Old Norse Dictionary - kjöt-ætr

Meaning of Old Norse word "kjöt-ætr" (or kjǫt-ætr) in English.

As defined by the Cleasby & Vigfusson Old Norse to English dictionary:

kjöt-ætr (kjǫt-ætr)
adj. eatable; also of days on which flesh was allowed; fugla þá er kjötætir eru, K. Þ. K. 132, Sks. 180; á þeim tíðum er kjötætt er, id.

Orthography: The Cleasby & Vigfusson book used letter ö to represent the original Old Norse vowel ǫ. Therefore, kjöt-ætr may be more accurately written as kjǫt-ætr.

Possible runic inscription in Younger Futhark:ᚴᛁᚢᛏ-ᛅᛏᚱ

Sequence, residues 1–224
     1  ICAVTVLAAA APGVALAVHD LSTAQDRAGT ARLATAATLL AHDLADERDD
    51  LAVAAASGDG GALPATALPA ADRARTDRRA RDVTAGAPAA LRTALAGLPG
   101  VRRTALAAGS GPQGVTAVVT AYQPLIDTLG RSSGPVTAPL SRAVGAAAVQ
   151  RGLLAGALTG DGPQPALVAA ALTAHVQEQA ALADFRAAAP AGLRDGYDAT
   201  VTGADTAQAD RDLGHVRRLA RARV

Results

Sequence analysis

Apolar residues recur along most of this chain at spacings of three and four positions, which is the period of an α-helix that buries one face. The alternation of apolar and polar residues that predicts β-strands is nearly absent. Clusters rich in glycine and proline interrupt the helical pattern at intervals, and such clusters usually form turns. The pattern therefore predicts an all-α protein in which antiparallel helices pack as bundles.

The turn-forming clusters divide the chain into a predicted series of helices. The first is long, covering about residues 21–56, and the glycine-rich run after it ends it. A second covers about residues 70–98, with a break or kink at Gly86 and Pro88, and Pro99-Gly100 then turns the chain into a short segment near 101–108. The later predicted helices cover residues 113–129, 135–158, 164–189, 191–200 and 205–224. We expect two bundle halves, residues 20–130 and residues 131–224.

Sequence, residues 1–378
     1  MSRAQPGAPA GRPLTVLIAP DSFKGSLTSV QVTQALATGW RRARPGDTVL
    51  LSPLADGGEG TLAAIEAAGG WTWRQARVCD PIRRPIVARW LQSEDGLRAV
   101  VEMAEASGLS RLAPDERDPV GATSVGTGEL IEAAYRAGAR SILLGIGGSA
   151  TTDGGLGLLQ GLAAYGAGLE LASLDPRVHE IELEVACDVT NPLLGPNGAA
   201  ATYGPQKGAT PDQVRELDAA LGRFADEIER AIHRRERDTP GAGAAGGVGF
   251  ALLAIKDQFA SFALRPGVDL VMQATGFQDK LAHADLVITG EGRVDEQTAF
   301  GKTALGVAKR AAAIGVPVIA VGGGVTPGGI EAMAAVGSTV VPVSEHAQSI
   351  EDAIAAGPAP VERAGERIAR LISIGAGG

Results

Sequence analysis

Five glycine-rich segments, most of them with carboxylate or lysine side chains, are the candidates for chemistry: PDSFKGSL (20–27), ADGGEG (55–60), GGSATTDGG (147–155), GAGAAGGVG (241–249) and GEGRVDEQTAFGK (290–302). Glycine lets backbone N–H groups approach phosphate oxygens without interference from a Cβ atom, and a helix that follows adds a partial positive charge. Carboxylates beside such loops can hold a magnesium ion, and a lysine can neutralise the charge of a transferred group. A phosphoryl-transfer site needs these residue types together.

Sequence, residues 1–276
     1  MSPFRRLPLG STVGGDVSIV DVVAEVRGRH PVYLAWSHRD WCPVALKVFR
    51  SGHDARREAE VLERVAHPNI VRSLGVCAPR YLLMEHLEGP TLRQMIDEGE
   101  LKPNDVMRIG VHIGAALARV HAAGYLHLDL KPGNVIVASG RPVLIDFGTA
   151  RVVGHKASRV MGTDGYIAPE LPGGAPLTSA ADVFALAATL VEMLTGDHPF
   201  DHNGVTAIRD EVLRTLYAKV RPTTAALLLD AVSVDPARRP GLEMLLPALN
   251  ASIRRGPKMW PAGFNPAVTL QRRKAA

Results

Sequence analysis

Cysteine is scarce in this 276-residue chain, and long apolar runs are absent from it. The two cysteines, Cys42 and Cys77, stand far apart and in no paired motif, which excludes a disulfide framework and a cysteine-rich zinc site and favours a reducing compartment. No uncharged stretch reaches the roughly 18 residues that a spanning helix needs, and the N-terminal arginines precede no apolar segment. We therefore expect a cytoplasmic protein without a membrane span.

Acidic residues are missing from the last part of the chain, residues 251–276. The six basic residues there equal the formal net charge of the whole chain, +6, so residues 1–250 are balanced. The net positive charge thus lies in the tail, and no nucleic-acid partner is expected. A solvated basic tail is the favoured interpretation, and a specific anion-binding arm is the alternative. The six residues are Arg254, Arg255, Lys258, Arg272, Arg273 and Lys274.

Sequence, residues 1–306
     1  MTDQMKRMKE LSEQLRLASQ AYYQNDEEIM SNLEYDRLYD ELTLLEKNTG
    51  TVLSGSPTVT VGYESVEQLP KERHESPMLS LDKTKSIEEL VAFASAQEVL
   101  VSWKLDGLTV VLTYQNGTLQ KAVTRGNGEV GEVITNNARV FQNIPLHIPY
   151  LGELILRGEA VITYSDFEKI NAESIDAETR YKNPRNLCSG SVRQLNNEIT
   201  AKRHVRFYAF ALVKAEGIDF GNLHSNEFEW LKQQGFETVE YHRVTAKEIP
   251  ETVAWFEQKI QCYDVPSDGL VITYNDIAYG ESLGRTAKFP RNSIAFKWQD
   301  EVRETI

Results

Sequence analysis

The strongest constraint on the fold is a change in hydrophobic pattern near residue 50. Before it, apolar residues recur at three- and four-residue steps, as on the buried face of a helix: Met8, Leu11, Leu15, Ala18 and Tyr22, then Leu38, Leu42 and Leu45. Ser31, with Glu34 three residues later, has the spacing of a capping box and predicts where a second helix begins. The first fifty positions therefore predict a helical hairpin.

Younger Futhark runes were used from 8th to 12th centuries in Scandinavia and their overseas settlements

Abbreviations used:

idem, referring to the passage quoted or to the translation

Works & Authors cited:

K. Þ. K.
Kristinn-réttr Þorláks ok Ketils = Kristinna-laga-þáttr. (B. I.)
Konungs Skugg-sjá. (H. II.)
➞ See all works cited in the dictionary

Also available in related dictionaries:

This headword also appears in dictionaries of other languages descending from Old Norse.